If there wasn’t complete adherence, it’s some combination of both. Per the Athletic, "some perceptive Phillies had been alarmed all weekend by how the Marlins had appeared to not stagger their arrivals and workouts and how few people in the Marlins dugout were wearing masks."
The league, Binney says, needs to conduct a “swift but thorough epidemiological investigation to figure out what the heck happened.”
Is the MLB season doomed? Can the league prevent more outbreaks?
The answer depends largely on what that epidemiological investigation uncovers. “So, let's pause, both to stop the transmission, but also to learn what went wrong here,” Bachynski says.
Experts and non-experts alike, however, are increasingly concerned. “I think it's quite likely that there are plenty of other teams that are going to have similar problems,” Waldman says. He’s a knowledgeable Nationals fan, and baseball, he says, has “been great for the two or three days they've been playing.” But he’s pessimistic. “They rolled the dice,” he says, “and now this is what they're getting.”
Adds Bachynski: “I think there's an inherent, significant level of risk just in the way they've set it up. In the absence of a bubble, with widespread community transmission, I think the MLB is a pretty striking case of how an outbreak can happen really fast.”
Should the Marlins’ outbreak worry the NFL, and other non-bubble sports?
“Oh, absolutely,” Bachynski says.
“Oh, yeah,” Baeten says.
“Oh, absolutely,” Binney echoes. “Oh, the speed with which this virus moved through the clubhouse in an MLB team astounded me. It's off the charts in terms of what I expected. It's really bad.
“Because the NFL has more people involved per team, and more close contact. … You would expect that the virus would be more easily able to move through an NFL team than an MLB team. So if MLB can't pull off their plan of playing in home markets while players and staff are living at home in the community with their families, then I think you would have to expect that the NFL couldn't either.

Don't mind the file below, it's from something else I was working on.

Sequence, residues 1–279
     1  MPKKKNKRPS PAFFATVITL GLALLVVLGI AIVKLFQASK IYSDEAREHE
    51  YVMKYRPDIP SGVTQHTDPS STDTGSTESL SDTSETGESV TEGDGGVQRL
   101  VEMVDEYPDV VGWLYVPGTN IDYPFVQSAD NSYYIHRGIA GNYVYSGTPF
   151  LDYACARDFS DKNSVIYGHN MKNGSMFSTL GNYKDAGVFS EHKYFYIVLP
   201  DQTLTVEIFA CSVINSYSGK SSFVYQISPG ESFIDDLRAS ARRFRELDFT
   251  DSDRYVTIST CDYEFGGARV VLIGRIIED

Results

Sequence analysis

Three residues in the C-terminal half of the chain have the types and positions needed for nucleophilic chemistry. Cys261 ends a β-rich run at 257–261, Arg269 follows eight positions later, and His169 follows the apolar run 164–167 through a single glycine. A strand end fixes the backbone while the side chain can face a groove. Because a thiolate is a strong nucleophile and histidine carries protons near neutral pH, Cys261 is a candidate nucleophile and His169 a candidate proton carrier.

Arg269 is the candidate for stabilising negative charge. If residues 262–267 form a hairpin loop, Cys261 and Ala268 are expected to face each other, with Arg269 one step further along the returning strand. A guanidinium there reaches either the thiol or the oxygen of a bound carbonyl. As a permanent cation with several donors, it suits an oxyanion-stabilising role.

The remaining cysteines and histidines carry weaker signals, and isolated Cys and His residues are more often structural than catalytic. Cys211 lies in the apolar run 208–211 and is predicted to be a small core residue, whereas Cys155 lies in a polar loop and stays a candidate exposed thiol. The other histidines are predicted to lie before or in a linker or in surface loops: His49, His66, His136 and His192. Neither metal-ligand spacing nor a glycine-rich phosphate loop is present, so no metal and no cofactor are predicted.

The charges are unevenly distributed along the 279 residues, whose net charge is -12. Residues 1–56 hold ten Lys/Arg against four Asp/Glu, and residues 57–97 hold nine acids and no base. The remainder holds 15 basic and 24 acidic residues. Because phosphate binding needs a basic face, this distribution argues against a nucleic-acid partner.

“A lot of people have asked me, does the NFL have an infection control advantage because of only playing once a week? My gut reaction is no. A typical NFL non-gameday, I think, is more dangerous for viral transmission than a typical MLB gameday. Because there are still more people, and perhaps more close contact, depending on how practices are structured, and what everybody is doing in the weight room, and who's in what meeting rooms, and all of that. But I would be worried just from the sheer number of people, and the sheer amount of contact involved, that the NFL wouldn't really have that advantage.”
Says Bachynski: “If even baseball, which is a much more socially-distanced sport, cannot make it past a couple days without having an outbreak among 13 people associated with one team, I do not think that bodes well for the NFL or college football.”